Constantinos Lemesios exerts a certain musical prowess and level of experience on this project, his background in scoring music for film – among other creative endeavors – has resulted in a totally unique, cinematic experience, which at the same time offers a definite level of provocative songwriting; the likes of which you don’t often get alongside of such masterful soundscapes.
It seems strange to think of him as an independent, these tracks are well crafted, well honed, leaning back and forth between the sound of Muse, Radiohead, Manson, and a whole lot in between. Little Boy kicks things off with multiple layers of detail, depth, and intensity. Every moment is professionally executed so as to surround you with the story-line and the emotions underlined within it. Lemesios knows when to stop, when to start, and how to do each with skill and impact.
Adorine follows the opener and re-directs the mood distinctly. Lemesios as a performer is known to use live-looping to create his soundscapes, something you can quite clearly picture throughout this song. The softness reminded me of Incubus a little, the melodic development too – the build up is unique and clever, and this helps the whole thing captivate at every step. If you miss a lyric, which you may – there are many – you’re likely to feel inclined to go back and re-gather it all. Fusing personality and intrigue, Lemesios works hard to utilise the very art of musicianship in a powerful way.
What I like about this project the most is that whenever you feel complacent or like you know how things will be, Lemesios flips it all on its head – always keeping things fresh, creative, and unpredictable. Picture Perfect is a fine example, you form an expectation from those opening beeps, and later again from the smooth, delicate nature of the vocal delivery, but nothing falls where you think it will. The gentle energy of this one works well at this point within the collection, Lemesios whispers these ideas to you – as if to you personally, an intimate expression of thoughts and feelings; a vulnerable moment shared between artist and listener.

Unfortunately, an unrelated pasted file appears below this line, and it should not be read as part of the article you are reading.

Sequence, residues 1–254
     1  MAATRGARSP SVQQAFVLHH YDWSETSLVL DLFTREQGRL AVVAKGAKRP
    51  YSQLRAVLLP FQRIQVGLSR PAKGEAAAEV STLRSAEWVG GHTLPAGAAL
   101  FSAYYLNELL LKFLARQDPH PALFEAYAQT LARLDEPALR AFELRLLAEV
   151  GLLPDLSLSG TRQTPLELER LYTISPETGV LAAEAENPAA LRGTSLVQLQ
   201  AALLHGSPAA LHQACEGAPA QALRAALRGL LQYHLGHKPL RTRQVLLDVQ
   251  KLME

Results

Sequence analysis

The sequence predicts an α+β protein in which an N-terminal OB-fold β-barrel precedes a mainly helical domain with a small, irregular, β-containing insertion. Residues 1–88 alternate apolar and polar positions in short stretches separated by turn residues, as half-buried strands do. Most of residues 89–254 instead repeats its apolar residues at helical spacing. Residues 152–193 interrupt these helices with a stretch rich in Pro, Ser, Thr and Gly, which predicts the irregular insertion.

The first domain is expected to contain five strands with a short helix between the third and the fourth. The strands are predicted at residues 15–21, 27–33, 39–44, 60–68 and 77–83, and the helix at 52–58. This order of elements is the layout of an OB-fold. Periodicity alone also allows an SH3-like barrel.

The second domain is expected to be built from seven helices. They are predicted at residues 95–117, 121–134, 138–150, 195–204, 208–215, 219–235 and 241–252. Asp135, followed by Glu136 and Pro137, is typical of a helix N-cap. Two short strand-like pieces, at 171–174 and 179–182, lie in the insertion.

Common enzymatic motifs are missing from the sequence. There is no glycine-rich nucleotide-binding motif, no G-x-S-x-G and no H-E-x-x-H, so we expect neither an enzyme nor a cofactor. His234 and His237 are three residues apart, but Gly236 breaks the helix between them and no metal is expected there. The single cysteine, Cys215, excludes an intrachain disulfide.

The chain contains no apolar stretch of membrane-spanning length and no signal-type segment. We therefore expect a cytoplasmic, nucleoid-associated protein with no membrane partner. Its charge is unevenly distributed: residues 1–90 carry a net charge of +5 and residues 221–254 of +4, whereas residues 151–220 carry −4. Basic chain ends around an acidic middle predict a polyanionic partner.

You’re always aware of the compositional aspects of the artist’s approach to music when you listen to this EP. Sometimes the voice, the lyrics, seem inherently connected to the instrumentation, so the songs just have a certain feel. You notice this as The Eights begins to play, as the energy and beauty of the music surrounds you – no lyrics are needed, and still it fits within the arena of Dysphasia; it feels like it belongs. As a musician, the passion and skill combined on this is phenomenal – a live show would likely make for a superb moment of performance.
Broadening your view of him as an artist even further, Lemesios showcases a deeply personal performance of poetry and passion on the song Stepping Down – a personal favourite. There’s something very nu-rock about the sound, the melody connects from the offset, and the contrast between the delicacy of the leading voice and the weight of the instrumental sections really captivates. It’s a beautiful track, an easy favourite alternative rock go-to from the year so far. Insanely haunting riffs accompanying an increasingly intense vocal performance that just oozes authenticity and honesty – complete with the inner demons and difficulties of real life.
No Fret finishes things up, a touch of beat-boxing sets a gentle rhythm and scene that emerges as notably bright and hopeful in comparison to all that came before. You’re likely to wish the project was longer, but by the looks of things this is merely the beginning for Lemesios. A journey well worth tuning in for.